Overnight Float – A Journey into Sleep (Case Study)
On the 19th of September I slept in a Float Pod overnight. You may be wondering why I decided to sleep in a Pod, sounds a bit extreme right?
The simple answer is research! Plus, a whole bunch of people wanted to know what it was like doing an overnight and how it affected sleep and cognitive function.
This was to be my 5th overnight float session, the last one was in 2016. I stayed in for 8hrs that time, that was the longest session. Previous sessions had been shorter periods of 2-4hrs a break then back in again.
This time I wanted to know if,
If I did sleep what was the quality of sleep
How it affected my wellbeing
I had bought the Oura Ring (world's most advanced wearable for getting more restorative sleep) to help me track my sleep and work out the optimal time for me to go to bed, based on my circadian rhythm. After 6 weeks of tracking my sleep & daily activities it worked out that my optimal time would be between 22:00 – 23.15. My readings over the 6 weeks of tracking were very accurate with regards to sleep, activity and predicting readiness. The next step was for me to test the ring during a float session, to get an accurate and realistic reading I decided to float overnight as the Oura is a sleep tracker after all (It is waterproof to 100m btw).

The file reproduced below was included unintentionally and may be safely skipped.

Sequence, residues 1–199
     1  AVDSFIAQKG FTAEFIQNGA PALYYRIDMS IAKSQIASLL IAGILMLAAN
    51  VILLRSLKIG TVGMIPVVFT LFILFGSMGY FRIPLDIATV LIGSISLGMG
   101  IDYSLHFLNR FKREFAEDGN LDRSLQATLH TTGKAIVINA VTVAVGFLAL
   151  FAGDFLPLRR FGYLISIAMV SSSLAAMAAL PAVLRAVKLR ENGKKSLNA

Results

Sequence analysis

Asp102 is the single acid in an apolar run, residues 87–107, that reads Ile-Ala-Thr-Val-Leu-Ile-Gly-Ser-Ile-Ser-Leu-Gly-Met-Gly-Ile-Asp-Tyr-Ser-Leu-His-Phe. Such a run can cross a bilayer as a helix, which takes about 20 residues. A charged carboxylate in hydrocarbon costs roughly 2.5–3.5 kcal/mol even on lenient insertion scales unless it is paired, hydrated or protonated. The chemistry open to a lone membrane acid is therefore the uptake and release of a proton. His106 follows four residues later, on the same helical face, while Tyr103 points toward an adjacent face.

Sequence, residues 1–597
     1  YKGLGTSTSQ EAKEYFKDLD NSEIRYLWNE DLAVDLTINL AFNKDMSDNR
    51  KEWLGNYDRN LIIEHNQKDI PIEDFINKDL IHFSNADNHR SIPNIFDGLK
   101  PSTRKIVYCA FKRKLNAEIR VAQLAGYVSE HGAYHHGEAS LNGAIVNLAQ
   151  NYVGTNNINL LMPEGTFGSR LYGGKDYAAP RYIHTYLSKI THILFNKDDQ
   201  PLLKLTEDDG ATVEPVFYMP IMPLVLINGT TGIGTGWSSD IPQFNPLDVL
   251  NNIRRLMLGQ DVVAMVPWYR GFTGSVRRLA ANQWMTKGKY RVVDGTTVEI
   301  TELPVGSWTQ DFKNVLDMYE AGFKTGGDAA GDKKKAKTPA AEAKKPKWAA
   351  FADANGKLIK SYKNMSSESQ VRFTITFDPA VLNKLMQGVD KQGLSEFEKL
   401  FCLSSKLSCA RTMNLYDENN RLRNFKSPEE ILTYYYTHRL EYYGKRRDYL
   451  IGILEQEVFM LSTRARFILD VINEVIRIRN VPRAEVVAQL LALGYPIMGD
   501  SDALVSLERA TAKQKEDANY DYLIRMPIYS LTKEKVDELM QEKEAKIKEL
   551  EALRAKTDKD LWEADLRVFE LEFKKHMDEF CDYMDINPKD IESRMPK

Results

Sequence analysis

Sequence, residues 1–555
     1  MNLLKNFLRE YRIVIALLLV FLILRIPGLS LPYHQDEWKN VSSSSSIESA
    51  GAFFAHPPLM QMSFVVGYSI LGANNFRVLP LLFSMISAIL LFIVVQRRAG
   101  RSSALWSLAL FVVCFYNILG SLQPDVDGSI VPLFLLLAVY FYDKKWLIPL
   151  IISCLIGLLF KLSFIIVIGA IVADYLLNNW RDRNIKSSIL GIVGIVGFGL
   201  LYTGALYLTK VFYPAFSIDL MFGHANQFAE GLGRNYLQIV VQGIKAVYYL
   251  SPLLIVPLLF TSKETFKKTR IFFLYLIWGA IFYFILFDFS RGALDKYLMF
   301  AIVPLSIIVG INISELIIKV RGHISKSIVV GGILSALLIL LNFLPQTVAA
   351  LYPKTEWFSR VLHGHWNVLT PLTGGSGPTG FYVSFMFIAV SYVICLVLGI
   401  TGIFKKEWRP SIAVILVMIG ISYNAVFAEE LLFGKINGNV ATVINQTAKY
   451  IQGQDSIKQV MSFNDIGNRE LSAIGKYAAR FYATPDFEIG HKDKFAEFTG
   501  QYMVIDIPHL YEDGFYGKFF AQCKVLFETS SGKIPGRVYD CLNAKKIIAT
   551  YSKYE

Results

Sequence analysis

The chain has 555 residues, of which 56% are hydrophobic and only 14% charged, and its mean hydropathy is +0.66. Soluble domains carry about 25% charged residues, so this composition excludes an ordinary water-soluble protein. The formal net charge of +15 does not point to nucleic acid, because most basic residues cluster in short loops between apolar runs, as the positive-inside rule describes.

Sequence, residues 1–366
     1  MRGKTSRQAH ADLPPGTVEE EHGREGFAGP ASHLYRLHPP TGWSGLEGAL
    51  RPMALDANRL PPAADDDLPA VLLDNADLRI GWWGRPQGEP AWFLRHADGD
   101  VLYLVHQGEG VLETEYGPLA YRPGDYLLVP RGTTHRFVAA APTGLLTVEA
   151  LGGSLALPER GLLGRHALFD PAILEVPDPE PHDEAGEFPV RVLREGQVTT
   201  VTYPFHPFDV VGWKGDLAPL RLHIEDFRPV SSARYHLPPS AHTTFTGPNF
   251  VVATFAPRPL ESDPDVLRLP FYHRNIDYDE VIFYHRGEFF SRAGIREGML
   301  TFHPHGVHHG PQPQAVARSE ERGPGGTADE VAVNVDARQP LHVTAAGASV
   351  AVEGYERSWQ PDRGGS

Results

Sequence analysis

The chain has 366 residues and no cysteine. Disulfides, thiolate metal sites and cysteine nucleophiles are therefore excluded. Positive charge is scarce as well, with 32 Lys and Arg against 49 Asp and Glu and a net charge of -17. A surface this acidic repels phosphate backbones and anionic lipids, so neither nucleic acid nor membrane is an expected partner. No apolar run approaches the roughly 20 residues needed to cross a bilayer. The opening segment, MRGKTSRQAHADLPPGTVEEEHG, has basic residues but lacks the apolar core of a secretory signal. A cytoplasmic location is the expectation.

I had tried to record an overnight float session with the Oura Ring the previous night (18th September).
I went to bed in the pod around 11pm. There were two issues that arose, firstly it had been a while since I had attempted to float overnight & secondly the Oura Ring didn’t record any data for sleep. I managed 4.5 hours in the pod, which was good but not ideal. I believe the ring may have had difficulty sensing any readings as I was sleeping in water, the water may have gotten between gaps between the sensors and my skin or the ring moved. The ring is designed to track sleep, just not in water (Who sleeps in water right?? Ahem…)
After the first attempt I went home and slept on it (in a normal bed), the next day I decided I would try again. I would take the previous night as a practice run, this time I decided to use a neck pillow to support my hand during the float which would stop it from being submerged in the water. This time it worked! Hooray… The results were interesting as you will find out a bit later.
In the Beginning – Pre-Sleep Prep Time